And it’s out of the gate: Chef April Bloomfield and restaurateur Ken Friedman — the team behind perpetual West Village hotspot The Spotted Pig, and recently deceased seafood destination The John Dory — have opened up shop in the Ace Hotel with The Breslin Bar. After plenty of delays, the place is now serving breakfast and lunch as of today. After the jump: the lowdown on lunch service, menus, sightings, and a run-in with Mr. Friedman himself.
I grabbed a seat at the bar with a copy of today’s Post; at 2pm, the place was fairly packed. Saddled up to the lunch menu. Ordered: the mixed salad with anchovy dressing, the beef Tongue sandwich with lentil soup, a side of fries (malt vinegar and sea salt crisps), and an iced tea. Tragically, my phone battery died out after about five minutes, so I had to preserve part of my meal for posterity (or at least: pictures back at the office). The waitress was nice enough to jury-rig some tinfoil and a brown bag from the in-house Stumptown Coffee.
The salad was the first to arrive, though it wasn’t the side salad: they brought me the Caesar salad that was supposed to go to the guy next to me, though I was a little hungry and didn’t notice. After I dug in for about two minutes, one of the bar staff kindly noted that it wasn’t my salad, and they’d bring the side salad too, if I wanted. Whoops. No worries: the Caesar was pretty great, nice, meaty fork-and-knife lettuce pictured. None of this small chopped romaine bullshit. In spite of the lone anchovy placed squarely on top of the salad, and the promise of “anchovy croutons,” the anchovy taste wasn’t overpoweringly strong, and was balanced by the light, peppery bite of whatever those leafy sprigs were.
Getting up to leave, at that moment: Eater owner Lockhart Steele, who had the lamb burger (“great”) and Grub Street/Gawker/Out/New York Times freelance-about-town Joshua David Stein, who was sitting down with Ken Friedman for a quick word. I caught Friedman for a moment, too: Ken’s been having some issues with his neighbors across the street — a mosque — who take issue with The Breslin serving pork and liquor, which is against the laws of Islam. Friedman (who’s in compliance regardless of their grievances) compromised by lining the front of the Breslin with trees in planters that cover the windows about halfway up. “I was up at 7:30 this morning buying these things in the Garden District.” The nice irony to all of this? The trees now lining the front of The Breslin’s giant windows give the restaurant more of the Ace Hotel’s natural, northwestern-born feel. But Friedman quickly jumped off to greet some other friendly faces in the restaurant — a handsome guy named Todd, who may or may not work in the food industry, who’s Page Six sighting I was maybe reading just as Friedman jumped up to greet him there with two other guys. Before he skated off, Friedman promised that the John Dory would, in fact, be re-opening in a location to be announced.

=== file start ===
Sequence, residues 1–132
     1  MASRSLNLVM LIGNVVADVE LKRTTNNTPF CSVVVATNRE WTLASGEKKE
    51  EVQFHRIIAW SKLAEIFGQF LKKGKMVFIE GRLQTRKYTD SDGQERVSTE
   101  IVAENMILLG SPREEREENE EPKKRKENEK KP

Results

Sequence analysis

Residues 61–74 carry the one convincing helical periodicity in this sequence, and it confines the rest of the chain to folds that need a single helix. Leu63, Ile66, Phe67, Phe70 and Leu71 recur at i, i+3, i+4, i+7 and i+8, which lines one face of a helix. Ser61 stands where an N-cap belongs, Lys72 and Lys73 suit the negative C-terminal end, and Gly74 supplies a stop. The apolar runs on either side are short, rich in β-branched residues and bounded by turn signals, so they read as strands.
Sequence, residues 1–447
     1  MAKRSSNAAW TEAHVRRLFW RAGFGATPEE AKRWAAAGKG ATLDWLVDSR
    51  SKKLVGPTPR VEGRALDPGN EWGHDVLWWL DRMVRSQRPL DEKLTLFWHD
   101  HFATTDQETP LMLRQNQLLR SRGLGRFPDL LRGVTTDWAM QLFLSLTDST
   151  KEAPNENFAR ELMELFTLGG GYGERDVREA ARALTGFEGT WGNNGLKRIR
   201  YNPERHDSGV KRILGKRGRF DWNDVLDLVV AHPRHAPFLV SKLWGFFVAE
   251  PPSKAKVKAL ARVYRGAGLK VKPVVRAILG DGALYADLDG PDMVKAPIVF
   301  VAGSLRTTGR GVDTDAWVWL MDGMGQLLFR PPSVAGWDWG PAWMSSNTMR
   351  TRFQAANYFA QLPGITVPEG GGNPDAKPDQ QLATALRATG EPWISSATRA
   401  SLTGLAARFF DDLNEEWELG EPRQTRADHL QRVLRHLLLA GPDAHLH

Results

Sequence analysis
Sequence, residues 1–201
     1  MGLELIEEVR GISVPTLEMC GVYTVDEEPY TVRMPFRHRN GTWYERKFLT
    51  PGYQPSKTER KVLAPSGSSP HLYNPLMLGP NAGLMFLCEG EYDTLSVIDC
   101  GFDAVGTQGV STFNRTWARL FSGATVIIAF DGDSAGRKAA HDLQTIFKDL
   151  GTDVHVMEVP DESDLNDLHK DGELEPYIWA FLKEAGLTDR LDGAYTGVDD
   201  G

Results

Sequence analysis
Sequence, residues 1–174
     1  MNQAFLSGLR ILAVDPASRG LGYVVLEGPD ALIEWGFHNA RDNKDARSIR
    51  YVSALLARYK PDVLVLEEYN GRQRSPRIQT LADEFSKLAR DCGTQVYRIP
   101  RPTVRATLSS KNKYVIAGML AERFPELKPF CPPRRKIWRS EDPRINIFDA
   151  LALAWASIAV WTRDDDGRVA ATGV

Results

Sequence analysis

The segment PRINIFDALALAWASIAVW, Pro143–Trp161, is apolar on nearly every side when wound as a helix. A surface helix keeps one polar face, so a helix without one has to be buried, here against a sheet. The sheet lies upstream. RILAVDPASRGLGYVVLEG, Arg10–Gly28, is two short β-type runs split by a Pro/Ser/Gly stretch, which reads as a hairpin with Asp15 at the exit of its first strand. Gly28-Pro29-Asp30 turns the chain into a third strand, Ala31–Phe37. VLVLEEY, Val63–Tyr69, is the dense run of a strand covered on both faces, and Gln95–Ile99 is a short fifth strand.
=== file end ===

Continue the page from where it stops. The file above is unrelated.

The mains arrived: the beef tongue sandwich arrived on had a nice, crunchy bite to it, and the tongue — instead of your typical deli-thin slicing — was almost a patty, from which a hit of strong, garlicky, beefy flavoring emerged on each bite. It was glorious. The malt vinegar and sea salt fries were nice, sausage-sized bites, but a little overly salted, though that could be dealt with after a little fork scraping of the salt flakes that stayed on top. Ketchup had to be asked for, and there was a heated discussion about ketchup-distribution procedure between what appeared to be the bar manager and a server. No mayo came with it, which for gastropubby food was a little surprising, as was the fact that the guys next to me got some without asking. With the sandwich came a perfect-sized, half-cup portion of lentil soup that had a nice few droplets of oil sitting on top; it maybe could’ve used a dash more salt, but considering the fries, I was good. Only service issue besides the ketchup was the iced tea — basic, offered with simple syrup — which took until the main arrived to get refilled.
The receipt came, and the salad charge wasn’t there … nice. Total, without the salad charge, with tip: $36 for one lunch (sandwich, fries, iced tea), which was more than enough to be full and take home. The salad was just an order to see what they could do with vegetables, which was, naturally, a savory, spicy shindig.
Other notes: music ranged from Outkast, to B.I.G., to Wilco. Place stayed at a nice noise level the entire time. If I’d crunched my time, in-and-out would’ve been thirty to forty-five minutes. Dinner service hasn’t started yet, but it’s forthcoming.
Verdict: Small service kinks and slight (but: subjective?) salt issues to be worked out; then again, it’s British bar food. Salt’s the name of the game. Fatwa on Friedman is over for now. The new Battle of The Breslin’s gonna be getting a two-top for 1pm lunch, which, from the looks of it, will be well worth whatever effort’s put in to doing so. Next mission: Breakfast. Menu below: